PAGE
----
Paul Brookes and I are currently recruiting postdoctoral fellows to work on a new multiple-PI project that has recently been funded to study how the mitochondrial unfolded protein response influences ischemia-reperfusion damage. We’re collaborating with Cole Haynes at Sloan Kettering and we’re using our established worm-to-cardiac pipeline to rapidly translate our basic findings into a mammalian model system.
I’m looking for recent PhDs who might be interested in becoming involved in this project. In particular, we have a place for a well-trained, productive individual who’d like to become part of a larger interdisciplinary team and whose background in C. elegans mitochondrial biology will help them to contribute immediately. While the focus of this individual will be on worms, the project offers the opportunity to expand their toolbox to include the design and use of genetically modified mice, primary cell culture and cardiac models. Having experience in dual model organisms can make for very attractive parallel approaches when seeking funding, and one of the more valuable aspects of our training program emphasizes experience in grant craftsmanship.
Paul’s and my labs are well established and fully equipped, with many of “toys” that make science so much fun…things like 24 and 96-well Seahorse XF analyzers, fluorescent rigs for dynamic, live imaging, as well as all of the other stuff you’d expect based on our research interests. Hence, there are ample resources and opportunities to enhance the likelihood of our postdoc’s success. We also try to encourage our trainees to develop innovative tools and unique skills to bring to the job market.
And—just to get it out of the way—winter in Rochester, NY can actually be very enjoyable (despite recent evidence to the contrary). It goes without saying that the rest of the seasons are just gorgeous. No earthquakes, no floods, no tornadoes, no hurricanes. The city itself has the virtue of being just the right size: large enough that you don’t feel isolated, but small enough that you don’t get lost. House prices are very attractive and there are some fantastic high tech enterprises taking off. There’re off-Broadway shows, ballet, and a professional orchestra. The Eastman School of Music is legendary. Lake Ontario is a premier sportfishing destination. Its twenty minutes to the “country” no matter which way you travel. Life is good.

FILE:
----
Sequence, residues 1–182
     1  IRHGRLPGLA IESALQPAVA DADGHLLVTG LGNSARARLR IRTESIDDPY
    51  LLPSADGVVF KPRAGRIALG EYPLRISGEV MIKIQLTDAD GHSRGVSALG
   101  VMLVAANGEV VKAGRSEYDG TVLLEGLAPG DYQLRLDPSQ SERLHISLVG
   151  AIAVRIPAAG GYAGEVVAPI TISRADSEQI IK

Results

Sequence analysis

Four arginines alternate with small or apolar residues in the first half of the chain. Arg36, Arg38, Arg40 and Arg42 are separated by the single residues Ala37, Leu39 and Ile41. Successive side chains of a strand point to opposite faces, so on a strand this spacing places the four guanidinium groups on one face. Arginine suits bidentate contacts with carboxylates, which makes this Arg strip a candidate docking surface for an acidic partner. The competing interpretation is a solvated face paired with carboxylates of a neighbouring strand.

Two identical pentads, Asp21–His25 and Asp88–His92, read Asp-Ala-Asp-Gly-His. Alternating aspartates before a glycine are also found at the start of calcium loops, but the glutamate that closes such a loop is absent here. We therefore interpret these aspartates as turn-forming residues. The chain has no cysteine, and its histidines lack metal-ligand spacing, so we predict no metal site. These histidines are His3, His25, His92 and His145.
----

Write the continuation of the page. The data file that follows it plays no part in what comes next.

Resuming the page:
In short, we feel that this could be a great opportunity for the right trainee. My plan is to meet with interested candidates at the International Worm meeting next month in LA.
Now, here’s the nuts and bolts:
1. You must be about to complete your PhD or have completed your PhD within the last year in cell biology, genetics, molecular biology, biochemistry, pharmacology, physiology or related field.
2. You need to be highly motivated, independent, with outstanding written and oral communication skills, and have authored one or more peer-reviewed publications.
3. I prefer you have research experience with C. elegans and/or mitochondria, and ideally both.
4. Due to new guidelines, postdoctoral training is limited to four years; this includes time spent at other universities. Hence, preference will be given to trainees who have ample time remaining. If you’re more experienced and interested in the lab, however, feel free to contact me regarding other possibilities.
Interested candidates should send a CV with a list of publications, a brief statement of your previous research expertise, your postdoctoral research interests, and the contact information of three referees to email@example.com. Please include “postdoctoral fellowship” in the subject line. Our website is being overhauled, but can be viewed at www.NehrkeLab.com.